Mukono — More than 1,000 households in Nakanyonyi Village in Nabaale Sub-county, Mukono District are living in fear after the Church of Uganda unveiled plans to evict them.
Although residents claim they have settled on the land for more than 30 years, the Church insists it legally owns the 400-acre piece of land and wants to develop it.
Mr Rogers Mukasa, one of the residents, says he has occupied the land for 40 years and says ordering him to vacate is "unfair".
"We have grown up knowing this place as our ancestral home and we have nowhere to go. If the Church is ready to listen to us, we are ready to pay nominal ground rent fees (Busuulu), but their plan to evict us will not work. We don't even want their compensation ," he says.
Ms Aidah Nakibuuka, another resident, says her late father acquired the piece of land they currently occupy and she wonders why the Church wants to forcefully evict them.
"My father bought one acre of land in this village in the 1960s from a one Mukasa. We were not told that the land belongs to the Church because we couldn't have bought it," she says.
However , the Church of Uganda legal officer, Mr Edward Musoke, says they want the squatters to vacant the land because the Church wants to use it to establish a conference centre, modern school for the deaf and demonstration farm.
He says although they secured a court injunction stopping any further developments on the land, they are surprised that the squatters are still carrying on with farming and construction of houses on the said land.
"Some unknown people are also digging deep pits on our land and residents are also continuing to sell and putting new structures on the land, which we believe are illegal," Mr Musoke notes.
According to Mr Musoke, the Church acquired the contested land in 1926 from the British colonial government and squatters have since been securing plots of land with the help of village council leaders.
"In the early years, the Church leaders thought these were good people who simply wanted some land where to grow food crops, and expected them to leave after some time, but many have over the years, put up permanent structures," he says.
Mr Musoke says in 1990, then Archbishop of Church of Uganda Livingstone Mpalanyi Nkoyoyo compensated some squatters to vacant the area. Unfortunately, the same people are still occupying the land and continue selling plots to new settlers.
"In fact, the Bibanja owners we know are less than 20. We have issued them with a number of letters, stopping their activities on the land, but they have failed to take heed," he says.
Mr Musoke says the Church is ready to negotiate with only Bibanja holders who are ready to secure lease on the land using the right procedures.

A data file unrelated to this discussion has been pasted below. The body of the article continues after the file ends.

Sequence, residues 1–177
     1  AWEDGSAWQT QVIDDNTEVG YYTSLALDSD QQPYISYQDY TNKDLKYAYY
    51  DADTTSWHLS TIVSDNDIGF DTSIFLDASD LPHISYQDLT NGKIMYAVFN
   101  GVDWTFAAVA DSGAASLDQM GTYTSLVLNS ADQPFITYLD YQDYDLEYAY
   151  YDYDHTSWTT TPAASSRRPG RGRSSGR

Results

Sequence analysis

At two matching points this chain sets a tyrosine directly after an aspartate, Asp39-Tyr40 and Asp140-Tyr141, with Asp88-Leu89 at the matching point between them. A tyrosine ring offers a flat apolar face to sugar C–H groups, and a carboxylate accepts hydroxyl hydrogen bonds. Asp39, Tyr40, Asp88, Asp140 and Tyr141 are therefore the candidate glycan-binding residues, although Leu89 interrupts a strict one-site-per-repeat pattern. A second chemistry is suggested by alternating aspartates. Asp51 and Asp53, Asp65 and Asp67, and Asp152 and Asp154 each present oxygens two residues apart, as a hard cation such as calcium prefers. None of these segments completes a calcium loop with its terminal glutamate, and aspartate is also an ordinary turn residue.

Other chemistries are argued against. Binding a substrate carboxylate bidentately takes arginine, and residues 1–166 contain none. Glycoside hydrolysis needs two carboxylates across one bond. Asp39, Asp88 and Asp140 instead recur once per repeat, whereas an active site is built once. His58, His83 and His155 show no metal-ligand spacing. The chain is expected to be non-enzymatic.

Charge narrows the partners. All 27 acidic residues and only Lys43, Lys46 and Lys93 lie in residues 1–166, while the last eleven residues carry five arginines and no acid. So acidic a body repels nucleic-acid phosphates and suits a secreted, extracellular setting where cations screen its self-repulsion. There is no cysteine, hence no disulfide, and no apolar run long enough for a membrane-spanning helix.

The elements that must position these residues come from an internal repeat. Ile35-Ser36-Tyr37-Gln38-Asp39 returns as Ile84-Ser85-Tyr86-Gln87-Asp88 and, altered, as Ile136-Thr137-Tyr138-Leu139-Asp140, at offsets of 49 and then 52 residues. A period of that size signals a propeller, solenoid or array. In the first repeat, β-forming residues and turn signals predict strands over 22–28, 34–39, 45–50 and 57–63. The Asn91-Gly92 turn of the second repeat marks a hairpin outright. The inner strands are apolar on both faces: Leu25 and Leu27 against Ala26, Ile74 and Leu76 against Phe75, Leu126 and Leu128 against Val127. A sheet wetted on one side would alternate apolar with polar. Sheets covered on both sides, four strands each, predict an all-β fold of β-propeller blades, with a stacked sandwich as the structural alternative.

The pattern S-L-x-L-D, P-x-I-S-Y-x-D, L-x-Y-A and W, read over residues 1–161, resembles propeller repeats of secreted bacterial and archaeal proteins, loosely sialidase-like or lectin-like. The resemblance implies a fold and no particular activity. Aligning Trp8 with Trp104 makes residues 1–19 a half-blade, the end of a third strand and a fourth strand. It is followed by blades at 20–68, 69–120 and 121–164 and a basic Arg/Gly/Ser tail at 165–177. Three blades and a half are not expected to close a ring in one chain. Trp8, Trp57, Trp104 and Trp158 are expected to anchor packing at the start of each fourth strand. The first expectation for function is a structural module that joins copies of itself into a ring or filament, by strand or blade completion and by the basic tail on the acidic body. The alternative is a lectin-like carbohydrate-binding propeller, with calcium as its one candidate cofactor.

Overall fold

He accused politicians of defending the squatters without considering circumstances under which the latter occupied the land.
"Because these people enjoy a lot of support from the politicians, they have since become hostile and they always attack our officials whenever they visit the area to inspect our projects. What annoys us most is the fact that they have also cut down our forest reserve," Mr Musoke explains.
Mr Obedi Sabwe, the Nabbaale Sub-county chairperson, advises the Church leaders to resolve the matter amicably instead of threatening squatters with eviction orders.
"What I know, those residents are bonafide occupants and they are willing to pay Busuulu, so the Church cannot simply evict them," he says.
Mukono District chairperson Andrew Ssenyonga says the Church has had a long-standing dispute with residents in Nakanyonyi Village and urged the latter to respect the Church as their landlord.
"Many of us are tenants in one way or another, but if you fail to accept that fact and respect the landlord, you are bound to face problems. If the Church is ready to listen to their concerns, let them accept and have that matter resolved through negotiations," he says.
Battling illegal settlers
Being one of the biggest landlords in the country, the Church of Uganda is currently battling many illegal settlers on its vast land in different parts of the country.
A recent case is when angry tenants attempted to harm a delegation of 35 bishops led by Archbishop Stanley Ntagali as they inspected another piece of land in Ntawo Village in Mukono Town. Hardly had the inspection of the land ended than a group of people who were meeting at a nearby bar, confronted the prelates, hurled insults at the priests and threatened to lynch them .
The mob brought match boxes and dry grass and threatened to set a bus which had transported the bishops to the site, on fire. Police swiftly intervened and dispersed the mob.
This particular piece of land is currently being developed by Uganda Christian University, an institution of the Church. It is currently occupied by more than 800 tenants.
Mukono Bishop James William Ssebaggala says this particular piece of land was donated to the Church by the late Ham Mukasa in 1921 and it was later donated to Bishop Tucker Theological College.
Bishop Tucker was later renamed Uganda Christian University-Mukono. Bishop Ssebaggala insists that some of the tenants who occupied the land were fully compensated, but have adamantly ignored the law and continued to build houses on the land.